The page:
Since my design wasn't the final live version, it did not go through Warner Bros. legal review, but I always gather feedback from the original designer and perform my own legal and visual critique with my peers.

The Result

Doing partnerships with large movie studios is a benefit to my job. Not only was Symantec included in the movie, in some form or another, but I was able to create something connected to them. Though my landing page experience wasn't coded and pushed live, I relished the opportunity to practice putting my skills into practice.

The Delivery

Man of Steel Landing Page

Man of Steel Landing Page

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Visual Design Case Study #2


Visual Design Case Study #2


Monsters University DVD Promotion

 

The Request

An eBusiness regional requester in EMEA wanted to provide an online experience to a retail promotion in the Netherlands. The promotion provides a free DVD copy of Monster's University to retail customers who purchased Norton™ 360 Multi-Device. A special sticker on the product box instructed purchasers how to redeem their free DVD.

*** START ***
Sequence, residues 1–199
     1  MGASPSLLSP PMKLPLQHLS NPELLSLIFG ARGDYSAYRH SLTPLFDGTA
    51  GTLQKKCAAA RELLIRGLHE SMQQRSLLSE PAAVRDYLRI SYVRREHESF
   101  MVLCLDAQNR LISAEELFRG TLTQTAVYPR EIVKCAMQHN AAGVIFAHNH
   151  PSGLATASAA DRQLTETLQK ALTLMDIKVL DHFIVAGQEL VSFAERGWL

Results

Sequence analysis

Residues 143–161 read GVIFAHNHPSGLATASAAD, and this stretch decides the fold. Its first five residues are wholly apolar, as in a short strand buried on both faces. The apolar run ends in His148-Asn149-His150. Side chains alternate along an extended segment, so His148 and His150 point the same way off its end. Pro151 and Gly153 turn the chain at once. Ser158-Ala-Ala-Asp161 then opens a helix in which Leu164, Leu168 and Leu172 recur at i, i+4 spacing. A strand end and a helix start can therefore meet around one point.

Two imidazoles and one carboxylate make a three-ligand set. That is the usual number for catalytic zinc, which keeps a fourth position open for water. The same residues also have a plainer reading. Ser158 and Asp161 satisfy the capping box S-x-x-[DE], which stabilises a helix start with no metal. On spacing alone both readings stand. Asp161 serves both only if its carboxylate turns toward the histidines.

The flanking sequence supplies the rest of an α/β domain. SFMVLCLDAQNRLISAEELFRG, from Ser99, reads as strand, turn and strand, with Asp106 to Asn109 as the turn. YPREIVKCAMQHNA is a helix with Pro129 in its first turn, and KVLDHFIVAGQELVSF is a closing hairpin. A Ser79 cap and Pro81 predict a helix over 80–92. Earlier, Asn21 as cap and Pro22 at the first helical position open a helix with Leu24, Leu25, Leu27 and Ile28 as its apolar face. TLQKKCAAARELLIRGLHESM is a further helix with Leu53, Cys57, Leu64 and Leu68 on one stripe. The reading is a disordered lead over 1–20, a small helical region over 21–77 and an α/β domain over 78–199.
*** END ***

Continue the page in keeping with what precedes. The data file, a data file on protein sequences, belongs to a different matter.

The requester wanted to do something similar for online customers; therefore, a landing page experience was requested, along with promotion banners, and redemption information on the order confirmation page.

The Strategy

During mockup creation, the requester wanted customers to opt-in to the legalese before proceeding, so a simple checkbox was included; the lead web developer suggested hiding the purchase button until customers opted-in.

Our reporting department would provide a list to the DVD fulfillment company to verify the participating customers and their addresses. If customers wanted the DVD sent to another shipping address, information was provided on the order confirmation page to update their address.

The Result

Since the promotion ran in the Netherlands, much of the data wasn't shared on how many orders were fulfilled. The collaboration efforts with our team and the EMEA team helped this project run as efficiently as possible.